Featured Research

from universities, journals, and other organizations

UT Southwestern Researchers Develop Tumor Index To Diagnose Ovarian Cancer

Date:
December 29, 1999
Source:
University Of Texas Southwestern Medical Center At Dallas
Summary:
UT Southwestern Medical Center at Dallas researchers have developed a new ovarian tumor index that will help physicians accurately diagnose ovarian tumors as either cancerous or benign and hopefully save thousands of women from unnecessary surgeries.

DALLAS - December 27, 1999 - UT Southwestern Medical Center at Dallas researchers have developed a new ovarian tumor index that will help physicians accurately diagnose ovarian tumors as either cancerous or benign and hopefully save thousands of women from unnecessary surgeries.

Related Articles


The majority of women who have ovarian tumors, confirmed through ultrasound, discover after major surgery that their tumors were benign, but physicians have such a difficult time diagnosing this deadly cancer that many recommend aggressive treatment just in case.

"The early detection of ovarian cancer is a formidable challenge and an elusive task," said Dr. Diane Twickler, associate professor of radiology and obstetrics and gynecology and an author of the report in the December issue of Cancer. "The index is a valuable way of interpreting a complex set of ultrasound findings in a reasonable fashion that will help the referring physician plan further testing, surgery or other clinical management."

Fellow author Dr. David Scott Miller, professor of obstetrics and gynecology, agreed. "The words 'ovarian cancer' are probably the most terrifying to women. And that's because it's so hard to diagnose and, thus, so deadly," Miller said.

"It may be possible that if the index indicates the mass is benign, she may be able to have a far less traumatic procedure, such as a laparoscopy," Miller said. "The information from the index may also help the physician decide whether he or she should perform the surgery or refer to a cancer specialist."

The index can also indicate which patients would benefit from serum monitoring - a series of blood tests that reveal proliferating cancer cells, Miller said.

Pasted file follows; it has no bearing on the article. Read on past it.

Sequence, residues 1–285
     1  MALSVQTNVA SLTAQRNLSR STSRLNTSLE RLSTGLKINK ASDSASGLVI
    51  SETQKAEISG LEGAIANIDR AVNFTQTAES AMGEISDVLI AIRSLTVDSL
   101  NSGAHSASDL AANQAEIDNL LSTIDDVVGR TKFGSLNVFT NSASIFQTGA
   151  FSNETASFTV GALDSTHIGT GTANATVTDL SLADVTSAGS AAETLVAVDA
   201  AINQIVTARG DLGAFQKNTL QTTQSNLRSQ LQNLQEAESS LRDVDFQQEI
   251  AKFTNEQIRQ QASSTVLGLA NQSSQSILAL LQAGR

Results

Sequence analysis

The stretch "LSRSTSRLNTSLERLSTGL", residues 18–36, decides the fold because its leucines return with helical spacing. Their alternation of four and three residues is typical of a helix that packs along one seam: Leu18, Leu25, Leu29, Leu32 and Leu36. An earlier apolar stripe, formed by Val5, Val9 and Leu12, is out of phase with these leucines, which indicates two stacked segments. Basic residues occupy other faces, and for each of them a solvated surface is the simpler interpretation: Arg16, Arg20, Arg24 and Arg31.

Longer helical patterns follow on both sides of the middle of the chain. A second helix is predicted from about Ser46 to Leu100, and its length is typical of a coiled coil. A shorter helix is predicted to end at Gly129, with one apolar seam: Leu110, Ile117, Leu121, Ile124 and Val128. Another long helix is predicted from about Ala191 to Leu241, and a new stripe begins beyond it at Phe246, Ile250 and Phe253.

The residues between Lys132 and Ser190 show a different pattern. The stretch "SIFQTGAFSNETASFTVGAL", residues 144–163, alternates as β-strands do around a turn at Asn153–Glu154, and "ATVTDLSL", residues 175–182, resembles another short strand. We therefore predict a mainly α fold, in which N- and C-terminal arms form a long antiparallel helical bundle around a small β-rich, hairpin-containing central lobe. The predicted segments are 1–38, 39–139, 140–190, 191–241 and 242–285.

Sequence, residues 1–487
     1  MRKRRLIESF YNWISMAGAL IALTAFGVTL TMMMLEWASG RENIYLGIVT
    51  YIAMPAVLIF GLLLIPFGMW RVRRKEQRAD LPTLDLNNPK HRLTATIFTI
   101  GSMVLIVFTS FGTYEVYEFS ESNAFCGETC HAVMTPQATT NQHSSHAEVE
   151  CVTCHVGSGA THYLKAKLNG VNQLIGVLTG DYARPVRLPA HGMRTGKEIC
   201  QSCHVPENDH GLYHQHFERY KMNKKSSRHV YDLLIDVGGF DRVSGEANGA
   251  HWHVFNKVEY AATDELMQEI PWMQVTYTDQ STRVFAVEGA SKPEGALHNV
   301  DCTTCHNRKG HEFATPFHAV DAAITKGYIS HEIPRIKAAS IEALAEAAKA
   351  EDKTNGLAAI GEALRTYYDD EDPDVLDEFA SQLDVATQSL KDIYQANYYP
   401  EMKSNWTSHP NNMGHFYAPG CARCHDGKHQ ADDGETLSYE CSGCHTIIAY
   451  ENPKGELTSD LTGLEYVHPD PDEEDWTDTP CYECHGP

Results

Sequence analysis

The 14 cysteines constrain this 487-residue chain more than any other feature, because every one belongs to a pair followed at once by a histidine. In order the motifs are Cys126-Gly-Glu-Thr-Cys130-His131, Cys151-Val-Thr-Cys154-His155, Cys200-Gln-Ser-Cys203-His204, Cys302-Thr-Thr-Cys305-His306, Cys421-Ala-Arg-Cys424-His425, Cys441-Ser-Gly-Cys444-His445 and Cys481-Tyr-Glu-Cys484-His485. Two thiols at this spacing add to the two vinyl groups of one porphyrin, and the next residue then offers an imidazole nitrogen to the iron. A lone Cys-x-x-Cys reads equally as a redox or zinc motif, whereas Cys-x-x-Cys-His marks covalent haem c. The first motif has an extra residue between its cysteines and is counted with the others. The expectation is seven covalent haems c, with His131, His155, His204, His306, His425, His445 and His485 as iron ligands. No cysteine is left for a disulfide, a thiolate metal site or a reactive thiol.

The index was developed by evaluating characteristics of malignant and nonmalignant masses through real-time ultrasound, measurements of flow, structural measurements and checks for vessel location with methods such as color mapping. The most definitive characteristic proved to be the patient's age. The study showed a logical correlation between the patient's age and the chance of malignancy.

Of the 304 women in the study, 244 had follow-up care at UT Southwestern, which allowed their outcomes to be correlated with their prospective ultrasounds. Of those patients, 214 were diagnosed with noncancerous masses, while 30 had neoplasms that proved cancerous. Eighty-five of the noncancerous masses were benign neoplasm-type tumors. Peri-menopausal, menopausal and post-menopausal women were all included.

As the researchers suspected, patient age and the appearance, size and blood flow as revealed by ultrasound were significantly different in cancerous and noncancerous lesions. Larger, vascular tumors with abnormal appearances were more likely to represent malignant disease. Younger patients were more likely than older patients to have benign tumors.

Researchers assigned numbers to reflect the various ultrasound results. Patient-age numbers were also added to the formula. Twickler said the index's relative probability assignments are "a desirable alternative to and more realistic than absolute cut-off values between malignant and nonmalignant neoplasms."

Besides Twickler and Miller, other researchers in the study included Drs. Thalia B. Forte, assistant professor of radiology; Rigoberto Santo-Ramos, professor of obstetrics and gynecology; and Donald McIntire, assistant professor of obstetrics and gynecology.